The 'Micro ECM for SMEs' (μECM) project was launched to develop an advanced process that can micro-machine materials to an accuracy of 1 000th of a millimetre. A human hair is typically a 100th of a millimetre in diameter. The developed technology has improved the repeatability, accuracy and stability of electrochemical machining (ECM). μECM brought together knowledge-intensive small and medium-sized enterprises (SMEs) and academia in a research project that contributed to bringing innovative ideas to the market. The synergy between higher educational institutes and industry was vital as the μECM partners looked into ways to maximise the benefits of ECM. ECM micro-machining — a non-conventional metalworking process — was on the up when the project was launched in 2010. In a bid to raise standards, μECM partners focused on pulsed ECM, which is faster and within the range of conventional machining speeds. The development of a power supply unit with the capability of generating pulses of nanoseconds' duration allowed overcoming limitations encountered with conventional ECM. The pulse signal applied to electrodes generates high instantaneous currents with sharp ripples, which are beneficial for metal removal. Specifically, during machining, the electrodes at micrometre distance are located relative to the workpiece. The gap between them is filled with a flowing, aqueous electrolyte. With each pulse, an electrical potential is established between the electrodes and the workpiece, causing controlled removal of the electrically conductive material. As each pulse is followed by a longer off-time, the system relaxes and by-products are removed. Such a process involves heavy time-accurate calculations necessary to obtain the current density. Therefore, the μECM researchers proposed a new simulation method that reduces the computational effort and increases machining accuracy. Furthermore, the life span of micro-machined parts is increased with the potential for significant cost efficiencies across the automotive, medical device and aerospace industries. One example of how the new pulsed ECM technology can benefit SMEs is the manufacturing of fuel injection nozzles in diesel cars. Nozzles manufactured with the new micro-machining technique will be able to operate at higher pressure. This means that a finer mist of diesel will be produced in the combustion chamber and burn of the fuel will be controlled, which in turn will lead to reduced emissions.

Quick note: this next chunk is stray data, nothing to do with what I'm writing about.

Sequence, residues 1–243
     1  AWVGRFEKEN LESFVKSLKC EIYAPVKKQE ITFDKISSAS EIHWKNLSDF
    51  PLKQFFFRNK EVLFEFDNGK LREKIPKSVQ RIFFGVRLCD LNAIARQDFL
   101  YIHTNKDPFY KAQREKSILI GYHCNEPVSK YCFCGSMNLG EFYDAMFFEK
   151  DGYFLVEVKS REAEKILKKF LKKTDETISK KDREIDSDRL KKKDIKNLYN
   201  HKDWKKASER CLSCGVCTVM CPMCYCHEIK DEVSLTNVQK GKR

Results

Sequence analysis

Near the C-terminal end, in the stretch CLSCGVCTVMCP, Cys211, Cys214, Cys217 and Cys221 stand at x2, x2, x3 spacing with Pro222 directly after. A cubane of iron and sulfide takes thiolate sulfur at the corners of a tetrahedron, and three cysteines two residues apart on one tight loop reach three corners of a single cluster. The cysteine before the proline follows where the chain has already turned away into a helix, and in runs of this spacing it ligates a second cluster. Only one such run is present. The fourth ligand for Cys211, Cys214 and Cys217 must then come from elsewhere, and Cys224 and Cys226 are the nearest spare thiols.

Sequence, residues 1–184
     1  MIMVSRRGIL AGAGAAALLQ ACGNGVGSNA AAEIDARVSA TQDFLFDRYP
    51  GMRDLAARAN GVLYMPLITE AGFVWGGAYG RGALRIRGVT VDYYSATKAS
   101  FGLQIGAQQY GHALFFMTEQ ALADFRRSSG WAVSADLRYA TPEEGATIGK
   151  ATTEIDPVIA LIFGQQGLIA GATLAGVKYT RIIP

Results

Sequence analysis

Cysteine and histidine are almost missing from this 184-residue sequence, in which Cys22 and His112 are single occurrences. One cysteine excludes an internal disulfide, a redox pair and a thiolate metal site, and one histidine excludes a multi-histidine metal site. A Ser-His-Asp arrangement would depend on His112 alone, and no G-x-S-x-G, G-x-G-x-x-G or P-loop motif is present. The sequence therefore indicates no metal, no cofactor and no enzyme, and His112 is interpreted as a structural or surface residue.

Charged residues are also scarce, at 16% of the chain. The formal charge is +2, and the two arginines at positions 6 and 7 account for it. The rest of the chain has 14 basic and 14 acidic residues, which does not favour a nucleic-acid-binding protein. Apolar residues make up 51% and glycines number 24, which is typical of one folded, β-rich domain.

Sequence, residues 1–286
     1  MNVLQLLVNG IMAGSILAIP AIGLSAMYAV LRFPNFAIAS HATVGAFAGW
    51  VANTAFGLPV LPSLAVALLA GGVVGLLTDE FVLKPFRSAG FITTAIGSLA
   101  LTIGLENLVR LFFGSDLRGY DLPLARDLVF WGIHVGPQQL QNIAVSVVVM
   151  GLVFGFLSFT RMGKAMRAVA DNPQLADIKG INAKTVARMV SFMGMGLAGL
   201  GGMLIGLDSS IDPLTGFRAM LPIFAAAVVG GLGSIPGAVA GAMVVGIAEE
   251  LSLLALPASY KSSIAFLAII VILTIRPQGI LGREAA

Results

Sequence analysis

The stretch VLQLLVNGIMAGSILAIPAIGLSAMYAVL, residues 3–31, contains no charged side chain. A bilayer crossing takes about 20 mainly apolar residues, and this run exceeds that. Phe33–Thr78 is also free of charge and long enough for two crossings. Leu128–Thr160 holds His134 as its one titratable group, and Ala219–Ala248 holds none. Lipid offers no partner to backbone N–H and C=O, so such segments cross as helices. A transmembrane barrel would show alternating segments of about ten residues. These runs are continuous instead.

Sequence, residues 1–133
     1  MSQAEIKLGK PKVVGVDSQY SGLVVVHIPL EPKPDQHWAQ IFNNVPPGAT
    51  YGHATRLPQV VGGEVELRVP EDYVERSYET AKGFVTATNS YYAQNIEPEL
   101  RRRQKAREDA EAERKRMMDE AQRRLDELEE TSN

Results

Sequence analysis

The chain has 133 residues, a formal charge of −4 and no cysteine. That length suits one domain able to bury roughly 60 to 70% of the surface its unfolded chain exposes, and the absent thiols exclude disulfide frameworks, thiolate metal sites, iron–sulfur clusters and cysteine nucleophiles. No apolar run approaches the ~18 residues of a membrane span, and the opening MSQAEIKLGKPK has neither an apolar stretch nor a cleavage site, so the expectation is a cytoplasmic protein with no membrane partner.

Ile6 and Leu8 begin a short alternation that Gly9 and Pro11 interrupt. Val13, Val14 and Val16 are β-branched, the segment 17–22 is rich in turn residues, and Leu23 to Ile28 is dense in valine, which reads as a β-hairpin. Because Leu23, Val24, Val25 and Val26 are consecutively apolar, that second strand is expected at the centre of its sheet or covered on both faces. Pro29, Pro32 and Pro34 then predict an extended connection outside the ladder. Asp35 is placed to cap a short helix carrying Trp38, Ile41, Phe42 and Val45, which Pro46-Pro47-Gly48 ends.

Finish-machining, machining, electrochemical machining, micro-machining, metalworking, pulse signal, metal removal, aqueous electrolyte, electrically conductive material, machining accuracy